TORONTO - Nazem Kadri has never experienced the likes of this in his young hockey career.
He has always been appreciated, been among the go-to guys, a leader in junior and minor hockey where there was always a waiting locker.
Coaches might not always have rolled out the red carpet but unlike what has transpired in Leafville neither have his achievements ever been swept under a rug.
“Like everyone else I’ve had to prove I belong on every team I’ve ever played on — but I guess I’ve never had too much to worry about,” said Kadri, who goes into the weekend as a Maple Leafs’ bubble-boy.
“I guess it would go back to when I was way young, I think I was six and really too young to try out for the AAA team in London. I had to play a year up and I wasn’t sure I’d make it, but I went out and played hard. Before I knew it I was playing with a bunch of seven and eight year olds.”
But Kadri is discovering that in the NHL sometimes the most difficult people to impress are the ones on your own side.
To hear Leafs management Kadri hasn’t done much right: He doesn’t play defence. He talks a better game than he walks; he turns the puck over too often. He hasn’t been the top six forward they expected.
Kadri, when he’s honest, allows the uncertainty of his situation has played on his mind.
“Last year I got a taste — but in the back of mind there was always the idea that I’d go back to London (junior Knights). So I didn’t have to worry about making this team.
“Getting cut is something that kind of plays at the back of your head, but at the same time, you have to try not to think about it. If you worry, the pressure builds and you’re gripping the stick too hard.”
He says Dion Phaneuf, Jean-Sebastien Giguere and “a lot of the guys in the room” have helped “me calm down.”
The grousing that Kadri wasn’t as good as he advertised started early.
“There are a lot of little junior things we have to get out of his game,” head coach Ron Wilson, who put Kadri on a line last night with Nikolai Kulemin and Mikhail Grabovski, told reporters early in camp.
To hear general manager Brian Burke, Kadri’s ticket to the Marlies was all but punched: “He’s not anywhere near to the level we had hoped for and expected,” Burke said.
There is a theory that Leafs management is merely taking a pre-emptive strike to make sure an impressionable kid who suddenly finds himself the centre of media attention doesn’t end up with such a swelled head that the swell stats he was supposed to produce never happen.
In other words, they decided to take him down a peg — but, when the final roster goes up, Kadri will be on the team.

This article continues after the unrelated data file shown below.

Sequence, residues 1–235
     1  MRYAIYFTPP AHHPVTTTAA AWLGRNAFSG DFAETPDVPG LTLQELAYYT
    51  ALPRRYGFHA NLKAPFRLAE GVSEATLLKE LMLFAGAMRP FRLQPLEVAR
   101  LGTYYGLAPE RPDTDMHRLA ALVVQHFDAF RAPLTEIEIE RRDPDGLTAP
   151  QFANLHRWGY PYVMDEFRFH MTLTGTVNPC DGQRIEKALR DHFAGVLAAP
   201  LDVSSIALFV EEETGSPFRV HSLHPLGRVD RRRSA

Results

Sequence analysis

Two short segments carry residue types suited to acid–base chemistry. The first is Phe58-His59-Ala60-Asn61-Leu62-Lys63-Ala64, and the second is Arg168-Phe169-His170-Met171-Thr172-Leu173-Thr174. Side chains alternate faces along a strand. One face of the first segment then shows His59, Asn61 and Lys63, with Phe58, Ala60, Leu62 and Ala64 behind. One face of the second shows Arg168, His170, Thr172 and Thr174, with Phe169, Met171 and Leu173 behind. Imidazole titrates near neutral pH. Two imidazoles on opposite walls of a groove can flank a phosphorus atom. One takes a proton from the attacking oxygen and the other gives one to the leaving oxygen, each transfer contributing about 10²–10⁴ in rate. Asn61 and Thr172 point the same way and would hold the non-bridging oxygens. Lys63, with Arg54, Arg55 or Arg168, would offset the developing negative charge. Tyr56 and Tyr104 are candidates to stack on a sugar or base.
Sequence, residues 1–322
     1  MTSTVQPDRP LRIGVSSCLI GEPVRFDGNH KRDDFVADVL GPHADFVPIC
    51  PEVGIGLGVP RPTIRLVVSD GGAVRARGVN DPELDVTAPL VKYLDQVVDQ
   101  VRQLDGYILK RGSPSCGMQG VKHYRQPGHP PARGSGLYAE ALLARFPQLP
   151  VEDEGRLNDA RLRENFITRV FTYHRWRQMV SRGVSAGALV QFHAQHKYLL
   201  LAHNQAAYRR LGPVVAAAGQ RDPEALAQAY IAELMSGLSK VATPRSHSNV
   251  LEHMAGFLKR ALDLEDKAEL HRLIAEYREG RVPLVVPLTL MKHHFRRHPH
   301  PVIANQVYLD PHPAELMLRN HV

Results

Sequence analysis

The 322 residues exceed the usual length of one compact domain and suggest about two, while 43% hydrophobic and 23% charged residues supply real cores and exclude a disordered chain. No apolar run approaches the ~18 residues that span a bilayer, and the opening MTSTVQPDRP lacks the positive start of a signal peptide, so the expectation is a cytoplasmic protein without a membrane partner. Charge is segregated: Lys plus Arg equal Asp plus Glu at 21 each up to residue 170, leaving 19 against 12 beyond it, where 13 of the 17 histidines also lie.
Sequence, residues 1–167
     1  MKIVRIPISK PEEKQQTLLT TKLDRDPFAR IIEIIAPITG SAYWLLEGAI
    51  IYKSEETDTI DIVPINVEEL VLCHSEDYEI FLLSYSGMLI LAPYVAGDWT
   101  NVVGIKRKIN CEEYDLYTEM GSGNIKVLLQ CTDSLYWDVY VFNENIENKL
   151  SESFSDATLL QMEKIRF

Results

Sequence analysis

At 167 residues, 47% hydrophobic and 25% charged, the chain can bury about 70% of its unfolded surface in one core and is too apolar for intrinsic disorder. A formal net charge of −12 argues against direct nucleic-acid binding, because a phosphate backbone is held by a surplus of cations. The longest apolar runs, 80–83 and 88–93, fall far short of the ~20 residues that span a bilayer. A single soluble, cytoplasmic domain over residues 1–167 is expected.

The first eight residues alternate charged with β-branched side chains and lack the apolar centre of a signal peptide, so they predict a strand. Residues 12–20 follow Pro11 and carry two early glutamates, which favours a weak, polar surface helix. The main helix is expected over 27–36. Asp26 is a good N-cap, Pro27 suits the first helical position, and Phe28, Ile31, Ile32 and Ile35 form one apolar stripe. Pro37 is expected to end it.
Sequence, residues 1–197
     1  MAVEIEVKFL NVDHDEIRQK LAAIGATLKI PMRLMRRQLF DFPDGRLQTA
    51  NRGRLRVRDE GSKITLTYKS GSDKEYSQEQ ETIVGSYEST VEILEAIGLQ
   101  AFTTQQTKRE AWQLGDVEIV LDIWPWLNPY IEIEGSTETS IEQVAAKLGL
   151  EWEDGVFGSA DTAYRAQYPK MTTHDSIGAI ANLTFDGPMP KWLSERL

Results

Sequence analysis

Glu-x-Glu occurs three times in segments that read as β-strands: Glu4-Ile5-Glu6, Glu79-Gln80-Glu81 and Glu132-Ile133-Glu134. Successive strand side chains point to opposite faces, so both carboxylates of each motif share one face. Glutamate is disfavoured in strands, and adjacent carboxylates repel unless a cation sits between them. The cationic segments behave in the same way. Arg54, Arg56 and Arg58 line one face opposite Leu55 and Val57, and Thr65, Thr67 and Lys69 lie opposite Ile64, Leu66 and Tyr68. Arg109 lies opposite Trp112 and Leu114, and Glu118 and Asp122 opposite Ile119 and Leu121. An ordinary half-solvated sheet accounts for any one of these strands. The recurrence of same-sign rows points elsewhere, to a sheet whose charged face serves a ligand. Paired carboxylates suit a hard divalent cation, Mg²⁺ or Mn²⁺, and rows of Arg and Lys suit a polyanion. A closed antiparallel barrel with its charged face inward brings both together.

“I think it was to light a fire under me. I wasn’t playing too great, but I think I’ve got it going now. But it’s been a bit different,” said Kadri, using his words carefully.
If this is an exercise in tough love to show Kadri that it is a privilege, not an inevitability, for him to wear an NHL uniform, it looks like it has gotten through.
If you believe management Kadri is in a three-way battle with Tim Brent and John Mitchell for one spot.
But the club wants him to be a top-six forward — in other words help get pucks into the net. Of the three, the guy with the biggest upside to accomplish that would be Kadri. So, while Wilson and Burke needle, threaten and prod, perhaps it’s as much about mind-games as it is the one on the ice. Even if Kadri doesn’t make the Leafs out of training camp there isn’t anyone who doesn’t believe he won’t soon be in the lineup. Wilson alluded as much after yesterday morning’s practice.
“The next two games aren’t about ending anyone’s career. The drama over who’s going to make our team seems to be amplified here. This is my 18th year coaching and the first three or four games you go with one lineup and inevitably in about a month, three or four different guys are playing. I don’t anticipate it being any different this year.”
So, while there is much speculation that the two weekend exhibition games are Kadri’s last stand — in reality they are none of the kind.
He’ll be a Maple Leaf. Probably opening night. But, if not, soon. Very soon.
“You don’t bury people,” said Wilson. “I want them to be ... aware of what they need to work on. If you can’t stand the pressure in the preseason how are you going to take it in the regular season or playoff games.
“We’re just trying to build some mental toughness here.”
Here’s hoping Nazem Kadri gets the memo.